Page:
From the side, it didn’t look that steep. But from the saddle of my bike, standing up on my pedals looking down, the little drop from the wooden platform to the dirt course suddenly looked monumental.
At the top of the mountain bike skills area at Keystone Resort, I teetered on my borrowed bicycle, taking in my proposed route — ride over the drop, down the hill, take two sets of rollers, bank around a berm and end with a small dirt tabletop feature — a piece of cake for an experienced rider, but for a mostly first-timer to mountain biking like me, it was an Evel Knievel feat of derring-do.
The longer I stared, the longer my brain had to try to talk me out of it, backed up by my rapid heartbeat and uneven breathing. I might never have pedaled forward, if not for the background noise that suddenly came back into focus.
“Woo! You can do it!”
Several women around me and farther down the hill clapped and cheered, offering their vocal support. These were my fellow riders and instructors at the Beti AllRide Clinic, a program designed to teach women how to develop and improve their mountain biking skills. One of the instructors walked just past the initial drop off, the part that had my overly cautious brain hung up.
“It’s just like going off a curb,” she called back to me.
Steeling myself internally, I took a few deep breaths, straightened up, pedaled forward, and let gravity take hold.
This summer is the second for the Beti AllRide Clinic, which hosts two-day weekend-long clinics in Keystone, Crested Butte, Sedona, Arizona, and Angel Fire, New Mexico. The idea for the clinic came together when Lindsey Voreis, rider and instructor of www.ladiesallride.com, and Sarah Rawley and Amy Thomas, co-founders of the Beti Bike Bash race in Lakewood, came together in the fall of 2012.
“A lot of us are just transforming our riding,” Rawley said of the growing popularity of Enduro racing and riding, “and really realizing we need to learn how to ride our bikes.”
They decided to extend the learning to all abilities and age ranges, pairing knowledgeable instructors with women interested in all levels of mountain biking. Ages at the clinic have ranged from 11 to over 60. Newcomers come to learn the basics, and more experienced riders come to brush up on the basics, and maybe learn a few new tricks in the process.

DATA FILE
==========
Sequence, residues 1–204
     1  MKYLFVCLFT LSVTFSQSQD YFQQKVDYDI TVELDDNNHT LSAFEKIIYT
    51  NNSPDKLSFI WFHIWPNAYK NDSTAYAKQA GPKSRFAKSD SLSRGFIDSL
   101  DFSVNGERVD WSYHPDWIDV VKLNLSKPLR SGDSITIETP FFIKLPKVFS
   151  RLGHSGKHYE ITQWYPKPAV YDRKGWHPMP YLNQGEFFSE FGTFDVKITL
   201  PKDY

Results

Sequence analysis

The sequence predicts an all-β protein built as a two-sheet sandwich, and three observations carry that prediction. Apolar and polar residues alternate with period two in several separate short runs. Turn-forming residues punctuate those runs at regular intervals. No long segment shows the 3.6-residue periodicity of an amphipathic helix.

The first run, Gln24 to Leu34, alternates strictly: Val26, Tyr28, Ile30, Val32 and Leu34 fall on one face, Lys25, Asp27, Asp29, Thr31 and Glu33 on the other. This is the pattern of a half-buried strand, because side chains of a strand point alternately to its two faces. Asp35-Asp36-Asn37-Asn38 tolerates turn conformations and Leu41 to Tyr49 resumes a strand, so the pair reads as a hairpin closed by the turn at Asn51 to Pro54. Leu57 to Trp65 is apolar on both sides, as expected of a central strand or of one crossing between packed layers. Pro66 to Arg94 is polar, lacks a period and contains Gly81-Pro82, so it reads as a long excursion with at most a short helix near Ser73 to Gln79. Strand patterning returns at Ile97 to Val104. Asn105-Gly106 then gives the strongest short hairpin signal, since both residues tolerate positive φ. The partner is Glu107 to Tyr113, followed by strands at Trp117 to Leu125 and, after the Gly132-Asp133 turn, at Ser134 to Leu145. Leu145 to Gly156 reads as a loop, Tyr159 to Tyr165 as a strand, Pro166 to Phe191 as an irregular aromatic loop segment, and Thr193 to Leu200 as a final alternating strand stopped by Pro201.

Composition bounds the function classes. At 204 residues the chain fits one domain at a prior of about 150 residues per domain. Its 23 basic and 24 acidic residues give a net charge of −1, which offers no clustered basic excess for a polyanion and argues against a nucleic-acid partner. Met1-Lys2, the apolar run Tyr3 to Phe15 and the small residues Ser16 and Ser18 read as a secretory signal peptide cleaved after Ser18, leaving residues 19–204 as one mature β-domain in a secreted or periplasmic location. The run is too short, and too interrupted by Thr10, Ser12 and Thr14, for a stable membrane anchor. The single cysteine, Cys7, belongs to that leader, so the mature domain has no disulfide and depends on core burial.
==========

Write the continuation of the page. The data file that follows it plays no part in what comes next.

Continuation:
“Fundamentals are key and you can never practice those enough,” Rawley said. “A lot of even my racing peers, you know, are taking the clinic.”
In addition to the fundamentals, clinic participants are taught all aspects of mountain biking.
“The very fundamental things can be broken down on a very conceptual level: This is physics, this is biomechanics, this is physiology and then there’s the whole emotional aspect, too, of overcoming fears and how do you think through these situations,” Rawley said. “Instead of being a passenger on the bike you’re a driver and how do you move the bike and how do you manipulate (the bike), that’s a big part of it.”
Having a clinic designed specifically for and taught exclusively by women is a key part of the Beti AllRide design.
A “Beti,” according to the clinic website, is “a self-confident female who is bold and daring, seeking out adventures in life, and enjoys sharing her zest for life in the company of others.”
Women in the company of other women will have an easier time learning, Rawley said, than if they are tagging along with a group of guys, or attempting lessons with a husband or boyfriend.
“Women have a different way. We have our own language, we communicate things and we can think of ways and metaphors that we can (understand) a lot better,” she said.
Doing even one ride together, not to mention two whole days of learning and challenges, cements a group of women together. In addition to help and support, the group serves to push its members to new achievements.
“It’s really that synergy that gets created and it’s just very, very supportive,” said Rawley. “It turns into this, ‘Well, if she can do it, I can do it,’ and more often than not we all have a little bit of competitiveness in us. And competitive or not, it’s just, I can relate to one of my peers doing something more than I can relate to, say, my boyfriend, who’s a downhill racer.”
It was that connection with the coaches and other Beti AllRide members that got my bike rolling at the top of the skills course in Keystone. With their shouts in my ears, I made it over the drop (it really wasn’t so large after all) and down onto the course, gliding over the rollers the way I was instructed — pedals even, elbows bent, one finger ready on the brakes — around the berm and triumphantly over the final tabletop. Getting off my bike, I entered a round of high-fives and congratulations, then turned to yell and clap for the person behind me.
As an instructor and participant, Rawley has a lot of favorite moments during the Beti AllRide clinics. One that resonates with the other instructors, she said, is “that one really simple moment where you see that sheer joy overcome somebody when they did something that they truly did not think was possible,” she said. “It can come in the form of whooping or being like, ‘Yes!’ and you can hear that really emotionally driven feeling come out. It’s that feeling of just overcoming something and this whole newfound confidence that comes.”
The Beti AllRide Clinic in Crested Butte will take place Aug. 2 and 3. Those in Summit County who are still interested in learning about mountain biking can participate in Women’s Wednesdays. Instructed group rides are available every Wednesday from 3:30 to 5 p.m., with a lift ticket and full rental for $30.
“Why come to a clinic? You get better at riding your bike and the more fun it is,” Rawley said. “It’s also a confidence thing. Mountain biking is really a metaphor for life, so I think a lot of our women learn things from our clinics and take that confidence into other aspects of their life as well.”